You are here :
Home /
Alfred Dreyfus and his family /
The social rise of an Alsatian family /
The social rise of a family

The social rise of a family

Jews in Upper Alsace

With the exception of Samuel Léopold, his great-grandfather's father who came from Lower Alsace, all of Alfred Dreyfus's ancestors lived in Alsatian towns. Restrictions on professions that Jews were allowed to practice confined them to intermediary commercial activities such as trading in livestock and grain. Research by Odile Jurbert has established Dreyfus's genealogy. His great-grandfather and grandfather on his mother's side, Abraham and Simon Libmann/Weil were butchers in Ribeauvillé, where his mother Jeannette Adèle Libmann-Weil was born on 17 May 1817. She was a seamstress before her marriage at age 24 to Raphaël Dreyfus.

Both of Captain Dreyfus's great-grandfathers on his father's side were merchants who lived and worked in Rixheim, where the Jewish community represented 13% of the population (243 people according to a 1748 census). The town was on the border of the free city of Mulhouse, where the Jews had taken refuge during riots, when their houses were sacked and burned during the French Revolution. His great-grandfather Israël Dreyfus was a textile merchant, but also made loans, which formed the bulk of his estate. Jacques Dreyfus, Alfred's grandfather, was an active member of the Jewish community, where he performed circumcisions. Although he also made loans (eight claims were registered to his credit between 1813 and 1823)-and though this activity no doubt caused a trading license to be refused him on 7 March 1811-he decided to develop his textile business. He set up shop in Mulhouse as of June of 1821, and when he died aged 57 at number 12 Rue de la Justice, the bulk of his estate consisted of his merchandise and his house.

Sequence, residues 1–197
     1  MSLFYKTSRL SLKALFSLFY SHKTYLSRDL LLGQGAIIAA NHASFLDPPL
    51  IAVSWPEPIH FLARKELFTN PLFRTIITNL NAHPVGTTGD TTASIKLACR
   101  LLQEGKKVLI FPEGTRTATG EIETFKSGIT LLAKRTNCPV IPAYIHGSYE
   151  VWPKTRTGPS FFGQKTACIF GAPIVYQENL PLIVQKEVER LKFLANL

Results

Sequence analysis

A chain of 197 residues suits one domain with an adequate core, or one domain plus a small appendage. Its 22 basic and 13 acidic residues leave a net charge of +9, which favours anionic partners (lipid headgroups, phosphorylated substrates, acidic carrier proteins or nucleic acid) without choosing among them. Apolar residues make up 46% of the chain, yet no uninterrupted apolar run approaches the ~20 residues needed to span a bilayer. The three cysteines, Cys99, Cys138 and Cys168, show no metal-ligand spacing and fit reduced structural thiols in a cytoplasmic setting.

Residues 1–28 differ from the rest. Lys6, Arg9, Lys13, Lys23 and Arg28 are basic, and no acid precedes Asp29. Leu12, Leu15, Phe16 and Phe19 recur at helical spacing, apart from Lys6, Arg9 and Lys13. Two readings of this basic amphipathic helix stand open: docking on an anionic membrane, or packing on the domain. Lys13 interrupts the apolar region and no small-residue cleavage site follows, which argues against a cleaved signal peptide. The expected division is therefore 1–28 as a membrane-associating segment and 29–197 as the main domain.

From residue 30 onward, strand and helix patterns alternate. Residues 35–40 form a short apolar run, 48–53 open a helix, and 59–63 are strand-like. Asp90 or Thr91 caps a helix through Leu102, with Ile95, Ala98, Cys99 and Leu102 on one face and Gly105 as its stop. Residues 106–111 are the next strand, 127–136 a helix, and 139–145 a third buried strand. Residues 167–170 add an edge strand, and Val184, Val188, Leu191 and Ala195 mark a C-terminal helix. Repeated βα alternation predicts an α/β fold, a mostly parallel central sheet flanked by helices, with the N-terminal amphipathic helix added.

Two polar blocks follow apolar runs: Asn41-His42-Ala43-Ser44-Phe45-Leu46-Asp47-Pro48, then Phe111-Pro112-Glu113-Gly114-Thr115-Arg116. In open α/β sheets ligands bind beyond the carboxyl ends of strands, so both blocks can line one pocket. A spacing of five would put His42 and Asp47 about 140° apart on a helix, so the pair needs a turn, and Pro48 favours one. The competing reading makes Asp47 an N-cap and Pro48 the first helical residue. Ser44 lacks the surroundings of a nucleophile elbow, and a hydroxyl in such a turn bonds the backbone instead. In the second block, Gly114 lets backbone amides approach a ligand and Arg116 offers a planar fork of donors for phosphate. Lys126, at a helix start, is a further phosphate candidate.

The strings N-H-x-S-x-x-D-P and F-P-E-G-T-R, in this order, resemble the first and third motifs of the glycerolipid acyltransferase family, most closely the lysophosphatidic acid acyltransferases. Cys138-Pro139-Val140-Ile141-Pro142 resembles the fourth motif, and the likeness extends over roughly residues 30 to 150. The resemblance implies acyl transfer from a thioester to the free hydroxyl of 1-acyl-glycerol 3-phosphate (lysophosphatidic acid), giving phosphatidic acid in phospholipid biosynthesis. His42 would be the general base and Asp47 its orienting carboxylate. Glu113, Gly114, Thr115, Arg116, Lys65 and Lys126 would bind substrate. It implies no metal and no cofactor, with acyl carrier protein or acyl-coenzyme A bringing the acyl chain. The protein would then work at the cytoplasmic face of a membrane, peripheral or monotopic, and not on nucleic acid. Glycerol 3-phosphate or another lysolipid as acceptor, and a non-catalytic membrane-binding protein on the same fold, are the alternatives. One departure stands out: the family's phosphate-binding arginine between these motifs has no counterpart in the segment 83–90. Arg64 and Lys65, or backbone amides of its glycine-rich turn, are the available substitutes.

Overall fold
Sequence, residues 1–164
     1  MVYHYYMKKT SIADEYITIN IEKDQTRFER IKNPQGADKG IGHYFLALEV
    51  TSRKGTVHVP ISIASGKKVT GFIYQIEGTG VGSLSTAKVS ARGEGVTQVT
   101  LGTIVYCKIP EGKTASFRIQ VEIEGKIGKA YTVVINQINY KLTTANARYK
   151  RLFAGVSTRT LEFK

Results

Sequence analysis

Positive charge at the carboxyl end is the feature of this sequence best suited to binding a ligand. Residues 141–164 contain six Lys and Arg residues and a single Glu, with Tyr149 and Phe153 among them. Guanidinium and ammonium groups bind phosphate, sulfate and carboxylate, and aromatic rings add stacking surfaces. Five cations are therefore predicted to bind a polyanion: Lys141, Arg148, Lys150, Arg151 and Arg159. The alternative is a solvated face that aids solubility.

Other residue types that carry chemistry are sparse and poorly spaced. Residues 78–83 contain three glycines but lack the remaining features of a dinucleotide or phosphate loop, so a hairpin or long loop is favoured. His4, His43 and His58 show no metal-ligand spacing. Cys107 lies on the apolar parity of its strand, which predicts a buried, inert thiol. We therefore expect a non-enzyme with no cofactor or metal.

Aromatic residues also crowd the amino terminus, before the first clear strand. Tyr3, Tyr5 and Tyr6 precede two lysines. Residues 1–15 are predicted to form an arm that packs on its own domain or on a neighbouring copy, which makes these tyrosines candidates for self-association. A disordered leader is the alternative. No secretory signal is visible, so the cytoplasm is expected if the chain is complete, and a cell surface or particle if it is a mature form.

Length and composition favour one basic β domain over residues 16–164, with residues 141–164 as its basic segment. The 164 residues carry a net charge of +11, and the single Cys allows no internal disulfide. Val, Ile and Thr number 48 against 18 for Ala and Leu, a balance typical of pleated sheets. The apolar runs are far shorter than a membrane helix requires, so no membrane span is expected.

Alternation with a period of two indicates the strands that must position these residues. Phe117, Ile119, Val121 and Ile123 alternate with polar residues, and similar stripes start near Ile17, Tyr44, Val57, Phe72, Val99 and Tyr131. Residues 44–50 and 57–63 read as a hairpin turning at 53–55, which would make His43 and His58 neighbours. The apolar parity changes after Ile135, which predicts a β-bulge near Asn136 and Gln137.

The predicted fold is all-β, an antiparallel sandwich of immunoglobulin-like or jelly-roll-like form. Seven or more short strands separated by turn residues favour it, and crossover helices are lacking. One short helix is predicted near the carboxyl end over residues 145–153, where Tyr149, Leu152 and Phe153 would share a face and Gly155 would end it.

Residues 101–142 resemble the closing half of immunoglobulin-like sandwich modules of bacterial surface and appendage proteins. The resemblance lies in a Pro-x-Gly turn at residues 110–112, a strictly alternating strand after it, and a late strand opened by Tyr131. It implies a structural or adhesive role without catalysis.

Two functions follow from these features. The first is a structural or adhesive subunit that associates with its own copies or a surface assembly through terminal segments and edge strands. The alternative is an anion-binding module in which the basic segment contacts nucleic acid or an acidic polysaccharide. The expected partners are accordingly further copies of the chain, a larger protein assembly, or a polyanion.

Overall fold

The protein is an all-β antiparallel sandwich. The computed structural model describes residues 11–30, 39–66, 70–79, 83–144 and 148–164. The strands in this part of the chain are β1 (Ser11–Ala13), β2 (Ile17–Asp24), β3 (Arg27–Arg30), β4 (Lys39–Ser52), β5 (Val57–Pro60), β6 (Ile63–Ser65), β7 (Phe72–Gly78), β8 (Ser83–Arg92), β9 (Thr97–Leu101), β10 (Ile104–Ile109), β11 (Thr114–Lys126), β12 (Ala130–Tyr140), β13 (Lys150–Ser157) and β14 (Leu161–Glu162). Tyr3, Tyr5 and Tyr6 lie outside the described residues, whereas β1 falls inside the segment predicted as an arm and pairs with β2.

Raphaël Dreyfus, home-owner and textile merchant

Raphaël Dreyfus was the father of a number of children, some of whom died at an early age. He lived in his father's house at first (1841-44), before moving to 35 Rue des Tanneurs and then number 46 of the same street, and then to 1 Rue de Bâle (1846-1853). Between 1854 and 1866, the family lived in the Rue du Sauvage at the corner of Place des Victoires. This is where his youngest son Alfred was born on 9 October 1859. After 1866, the boy grew up in a private mansion at number 45 Rue de la Sinne.
Raphaël Dreyfus owned his houses in the Rue de la Justice, Porte de Bâle, Rue du Sauvage and the Rue de la Sinne. He was variously described as a peddler (1844), a business agent (1845) and a textile merchant. Although he is listed as a textile merchant on his 1841 marriage license, the contract for the marriage states his profession as landlord. As Odile Jurbert has shown, it was his real estate operations plus his activity as a broker for printed and embroidered textiles that supplied him with the necessary funds to open his mill.

medias

Raphaël Dreyfus, Alfred's father

Mme Raphaël Dreyfus circa 1880

Dreyfus's birthplace